Teens want to help kids

PAT FRIDGEN
A Greencastle-Antrim Middle School initiative this year for teachers, students and administrators is 'Personal Best.' Principal Mark Herman cited Shanell Blubaugh, left, and Shelby Smith with achieving just that for their project to benefit children from a poor community in Kentucky.

Two year 'round diehard softball players know what it's like to have sports equipment available for practices and games. So when they were inspired to do something for others, it was natural that athletics become part of the picture.

Shanell Blubaugh and Shelby Smith, both 13 and in eighth grade at Greencastle-Antrim Middle School, were paying attention at last year's Make A Difference Day presentation during a school assembly. A young lady from another community told the students how she and her school had built a home for a woman whose house was destroyed by Hurricane Katrina.

After homecoming, the two friends were eating at McDonald's when the idea hit them. They named their project Teens Helping Teens, with the goal to help underprivileged children. Part of that would include funding for sports equipment.

Librarian Jill Thompson helped them research possible recipients and came up with the town of Albany in Clinton County, Kentucky.

"In their school 80 percent of the children are on free or reduced lunch and many live with their grandparents," said Shanell.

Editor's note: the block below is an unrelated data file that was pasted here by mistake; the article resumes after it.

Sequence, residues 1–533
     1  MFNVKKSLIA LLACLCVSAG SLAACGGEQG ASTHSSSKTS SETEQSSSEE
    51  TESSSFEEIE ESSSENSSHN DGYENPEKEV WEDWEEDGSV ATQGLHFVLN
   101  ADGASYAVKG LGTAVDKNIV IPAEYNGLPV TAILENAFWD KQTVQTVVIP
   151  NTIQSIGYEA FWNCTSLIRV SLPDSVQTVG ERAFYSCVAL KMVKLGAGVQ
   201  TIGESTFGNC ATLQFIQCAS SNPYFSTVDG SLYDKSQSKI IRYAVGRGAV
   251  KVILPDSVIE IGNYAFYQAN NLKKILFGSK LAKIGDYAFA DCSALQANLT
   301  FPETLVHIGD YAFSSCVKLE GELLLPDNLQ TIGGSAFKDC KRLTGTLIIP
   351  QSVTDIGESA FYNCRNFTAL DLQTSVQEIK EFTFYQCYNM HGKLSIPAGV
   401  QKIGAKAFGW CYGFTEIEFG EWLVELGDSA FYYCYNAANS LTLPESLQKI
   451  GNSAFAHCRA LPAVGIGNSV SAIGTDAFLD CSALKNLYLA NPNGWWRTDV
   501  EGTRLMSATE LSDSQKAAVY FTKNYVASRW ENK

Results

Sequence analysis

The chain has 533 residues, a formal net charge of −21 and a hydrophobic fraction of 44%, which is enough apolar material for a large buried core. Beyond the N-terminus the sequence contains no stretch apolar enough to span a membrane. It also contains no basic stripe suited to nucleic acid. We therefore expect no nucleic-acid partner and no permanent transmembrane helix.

The girls met with principal Mark Herman to lay out their plan. They contacted the director of the Albany YMCA and the director of its after school program.

"They graciously accepted our offer," said Shelby.

"We answered their prayers, they said," added Shanell.

With a goal to collect $4,000 this fall, the two got busy. They contacted local businesses for donations. They promoted THT in the middle school and set out collection jars in homerooms. The eighth-grade class dedicated its Make A Difference Day event Oct. 23 to the project. The money raised from the Skate-a-thon went to THT. That brought in $1,500 in three hours. The girls hope to approach the public during Heritage Christmas.

Funds raised to date are $2,840.03. "Anyone have a spare 97 cents?" asked Shelby.

The YMCA will use the money to pay building rent for the after school program, which lost its federal funding. Money will also go towards new sports equipment and some payment to the volunteers who help out.

Shanell explained why. "It's a great program for over 100 kids. The volunteers do a lot for those kids every day. They give homework help and provide play time."

Albany has a population of 2,200. The median income for a family is $22,600 and half the children under age 18 live below the poverty line.